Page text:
Cuyamaca Peak October 2012 Trip Report
© October 2012 Adam Helman

Note 1: All coordinates use the WGS84 datum.
Note 2: Mouse-click any image for enlargement.


summit vista south
View south from Cuyamaca summit
with new communications building.

It's been fully one month since returning home from Japan - and I have not climbed a single peak since!

I am quite anxious to make good use of the gorgeous weather. Plus, last time I was there, in August 2011, the general summit area of Cuyamaca Peak was undergoing some construction project - and I want to learn first-hand if it might prevent future efforts from succeeding.

I shall return to Denali in June 2013. Not wishing to spend gasoline on another 1,000 mile journey to and from Flagstaff (for colder overnight temperatures), I consider multiple trips to Cuyamaca Peak for both a review of winter camping methods and to snowshoe with sled and a full-size pack. For all of these desirables the peak's 6,512 foot summit and an area surrounding the campground parking lot, some 1,650 feet below, are deficient substitutes for colder venues - venues that sadly cost a lot more to reach. A tradeoff.

So it is that I drive at first light the 60.0 miles from home early on Saturday, October 27. I've already done my evening exercise at home, on the elliptical trainer with a 50 pound pack - so it's not physical training this time which I seek. Rather, I simply want to "get OUT there", and so long as I have a valid reason for visiting Cuyamaca Rancho State Park yet again that is excuse enough for spending the $25+ in gasoline and $8 daily use fee.

Trip Details

vista north
One-quarter way from the top
is this view looking north.

I walk from the car at 7:42 a.m., the day most promising with blue skies and nary a hint of wind. Being a Saturday there are many people camping - and they are going about their trivial concepts of outdoor activities replete with giant-size tents, tables with chairs, satellite dishes and just about all the trappings of having never left home. How pitiful.

After some initial difficulty navigating the campground's dense road grid the paved fire service road leading uphill is located - but not before wasting a few minutes backtracking from a wrong "lead".

burnt trees
Lightning-struck trees -
were they split that way?

Soon enough I top-out at 8:48 just 1.1 hours later, having had a break at 6,027 feet at a prominent log that's quite obviously been positioned as a resting spot for hikers.

The good news is that the summit rocky outcrop is still accessible despite the recent construction of two concrete buildings with corresponding antenna masts. One seems to be a commercial communications facility; the other labeled "U.S. Forest Service" on one door. There is still a good amount of construction equipment all-about, and also some large white propane tanks along the approach road perhaps 20 feet below the new buildings.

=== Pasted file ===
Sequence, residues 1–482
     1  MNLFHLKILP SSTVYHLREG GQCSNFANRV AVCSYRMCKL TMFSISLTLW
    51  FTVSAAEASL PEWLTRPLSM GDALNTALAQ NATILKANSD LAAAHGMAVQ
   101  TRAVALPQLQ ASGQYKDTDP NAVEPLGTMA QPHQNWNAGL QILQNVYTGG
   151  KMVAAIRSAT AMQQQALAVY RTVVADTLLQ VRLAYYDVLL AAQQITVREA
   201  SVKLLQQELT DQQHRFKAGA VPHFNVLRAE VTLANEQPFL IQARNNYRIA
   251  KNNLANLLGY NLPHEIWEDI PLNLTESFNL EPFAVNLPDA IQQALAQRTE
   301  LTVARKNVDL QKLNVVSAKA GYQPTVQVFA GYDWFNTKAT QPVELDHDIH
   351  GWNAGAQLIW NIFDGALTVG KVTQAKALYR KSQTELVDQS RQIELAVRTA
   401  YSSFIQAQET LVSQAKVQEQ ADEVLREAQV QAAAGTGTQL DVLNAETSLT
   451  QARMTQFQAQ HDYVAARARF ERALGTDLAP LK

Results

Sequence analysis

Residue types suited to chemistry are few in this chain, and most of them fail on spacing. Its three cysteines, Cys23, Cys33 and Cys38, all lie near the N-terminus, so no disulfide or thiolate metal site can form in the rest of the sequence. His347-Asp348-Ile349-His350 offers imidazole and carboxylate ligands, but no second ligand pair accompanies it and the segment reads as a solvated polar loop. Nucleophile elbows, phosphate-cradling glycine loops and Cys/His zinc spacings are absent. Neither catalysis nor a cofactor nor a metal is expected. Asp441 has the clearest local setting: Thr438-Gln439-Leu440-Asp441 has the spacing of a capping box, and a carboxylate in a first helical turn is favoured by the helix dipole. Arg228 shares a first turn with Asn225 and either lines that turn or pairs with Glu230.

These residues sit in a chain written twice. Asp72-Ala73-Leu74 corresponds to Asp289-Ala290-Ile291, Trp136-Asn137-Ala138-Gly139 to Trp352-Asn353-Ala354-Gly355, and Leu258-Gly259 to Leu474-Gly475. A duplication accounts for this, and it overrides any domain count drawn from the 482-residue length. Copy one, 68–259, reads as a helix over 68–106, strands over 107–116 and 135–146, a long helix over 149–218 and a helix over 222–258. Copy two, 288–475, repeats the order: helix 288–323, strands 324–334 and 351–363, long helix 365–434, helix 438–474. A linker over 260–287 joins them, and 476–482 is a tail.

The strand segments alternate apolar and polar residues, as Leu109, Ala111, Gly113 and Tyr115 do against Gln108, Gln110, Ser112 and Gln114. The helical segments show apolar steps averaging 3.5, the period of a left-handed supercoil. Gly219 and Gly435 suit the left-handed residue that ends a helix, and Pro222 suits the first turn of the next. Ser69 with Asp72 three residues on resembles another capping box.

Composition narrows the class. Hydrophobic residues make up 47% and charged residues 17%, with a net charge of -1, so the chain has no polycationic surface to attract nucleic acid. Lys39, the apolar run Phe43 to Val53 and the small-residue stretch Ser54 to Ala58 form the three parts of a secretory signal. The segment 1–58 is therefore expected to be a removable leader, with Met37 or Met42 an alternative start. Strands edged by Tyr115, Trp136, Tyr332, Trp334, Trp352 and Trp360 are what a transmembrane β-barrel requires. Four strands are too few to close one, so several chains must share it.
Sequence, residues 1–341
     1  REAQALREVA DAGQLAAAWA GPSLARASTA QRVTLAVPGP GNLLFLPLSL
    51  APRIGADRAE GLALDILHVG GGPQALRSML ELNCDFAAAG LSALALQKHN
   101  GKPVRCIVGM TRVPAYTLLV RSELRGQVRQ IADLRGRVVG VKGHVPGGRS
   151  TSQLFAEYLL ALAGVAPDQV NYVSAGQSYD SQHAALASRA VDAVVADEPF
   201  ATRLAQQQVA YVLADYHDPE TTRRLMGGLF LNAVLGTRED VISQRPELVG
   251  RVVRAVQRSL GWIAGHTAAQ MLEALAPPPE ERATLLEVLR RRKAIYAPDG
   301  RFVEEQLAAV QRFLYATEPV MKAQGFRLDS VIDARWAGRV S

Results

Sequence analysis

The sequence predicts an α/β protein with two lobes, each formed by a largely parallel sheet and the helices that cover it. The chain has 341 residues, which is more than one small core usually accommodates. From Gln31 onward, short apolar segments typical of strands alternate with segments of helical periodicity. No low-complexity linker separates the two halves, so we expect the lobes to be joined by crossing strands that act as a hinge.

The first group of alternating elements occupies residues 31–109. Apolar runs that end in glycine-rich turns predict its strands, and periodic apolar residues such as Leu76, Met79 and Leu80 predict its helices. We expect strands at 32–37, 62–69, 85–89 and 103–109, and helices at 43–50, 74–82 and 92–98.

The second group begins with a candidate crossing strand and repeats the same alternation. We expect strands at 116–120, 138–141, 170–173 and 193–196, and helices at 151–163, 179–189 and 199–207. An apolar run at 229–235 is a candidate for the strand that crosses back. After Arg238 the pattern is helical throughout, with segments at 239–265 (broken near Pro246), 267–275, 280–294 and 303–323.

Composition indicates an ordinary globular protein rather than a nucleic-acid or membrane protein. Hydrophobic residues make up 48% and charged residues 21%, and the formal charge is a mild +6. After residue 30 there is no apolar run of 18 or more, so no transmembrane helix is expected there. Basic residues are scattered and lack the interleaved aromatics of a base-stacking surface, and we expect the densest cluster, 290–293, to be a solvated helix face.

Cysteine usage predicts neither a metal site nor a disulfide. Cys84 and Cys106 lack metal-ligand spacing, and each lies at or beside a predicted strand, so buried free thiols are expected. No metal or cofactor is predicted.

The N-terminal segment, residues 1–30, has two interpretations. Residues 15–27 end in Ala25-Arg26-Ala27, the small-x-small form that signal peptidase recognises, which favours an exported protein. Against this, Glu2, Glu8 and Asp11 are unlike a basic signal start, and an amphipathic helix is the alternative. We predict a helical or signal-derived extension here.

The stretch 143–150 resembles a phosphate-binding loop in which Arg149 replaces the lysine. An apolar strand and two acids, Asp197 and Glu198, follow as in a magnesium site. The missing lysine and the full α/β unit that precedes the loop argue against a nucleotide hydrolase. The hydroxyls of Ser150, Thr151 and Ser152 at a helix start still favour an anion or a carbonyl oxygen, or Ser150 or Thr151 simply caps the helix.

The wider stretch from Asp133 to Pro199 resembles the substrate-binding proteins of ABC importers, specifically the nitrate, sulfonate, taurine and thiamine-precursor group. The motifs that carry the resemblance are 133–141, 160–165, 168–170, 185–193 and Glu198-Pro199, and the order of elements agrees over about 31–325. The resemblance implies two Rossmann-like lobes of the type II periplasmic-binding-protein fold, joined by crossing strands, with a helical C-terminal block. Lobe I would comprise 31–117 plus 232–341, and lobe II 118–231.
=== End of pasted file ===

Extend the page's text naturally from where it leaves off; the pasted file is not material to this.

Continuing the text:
In addition to reaching the true top I also visit a second rock outcrop located to the southeast and immediately (15-20 yards) southeast of the new communications building. With perhaps 10 feet of prominence it's not going to be listed at peakbagger! Its coordinates are (32.94644° N, 116.60635° W) at a GPS-measured 6,502 foot elevation.

rock outcrop
Rocky outcrop southeast of
the true summit

There's plenty of wind blowing from the north as I sit to eat "lunch" on the lee (south) side of the new communications structure - tuna fish salad inside pumpernickel bread, some sharp asiago cheese, a few Good and Plenty licorice pieces and a red apple of the "Golden Delicious" variety.

I locate potential flat spaces to erect a two-person tent, and as I plan to do this coming winter provided that it's allowed by the Park authorities rather than using a standard campsite.

A newly acquired iPhone4, my first so-called "smartphone", is leveraged by contacting my mother at the top and by taking numerous photographs without worrying that real film is being wasted. In so doing my descent consumes more than the 45 minutes it would have otherwise taken without this distraction.

I am home just before noon and am unproductive for the day's balance given that I only had about three hours of sleep.

The following coordinates will allow myself, and others, to navigate past the campground road grid even at night.

description (latitude, longitude) Topo chart (waypoint at cursor)
********* **************** *********
PARK (4,827 feet) (32.96014° N, 116.58028° W) click here
RIGHT 1 (32.95885° N, 116.58040° W) click here
RIGHT 2 (32.95874° N, 116.58063° W) click here
LEFT 3 (32.95881° N, 116.58120° W) click here
STRAIGHT 4 (32.95872° N, 116.58159° W) click here
STRAIGHT 5 (32.95786° N, 116.58224° W) click here
LEFT 6 (32.95745° N, 116.58294° W) click here
LEFT 7 (32.95697° N, 116.58349° W) click here
bear right (4,900 feet)
(32.95660° N, 116.58369° W) click here

vista north vista northwest
View north from just east of
the new near-summit facility.
Note the propane tanks.
Summit view northwest
clear to the Pacific Ocean.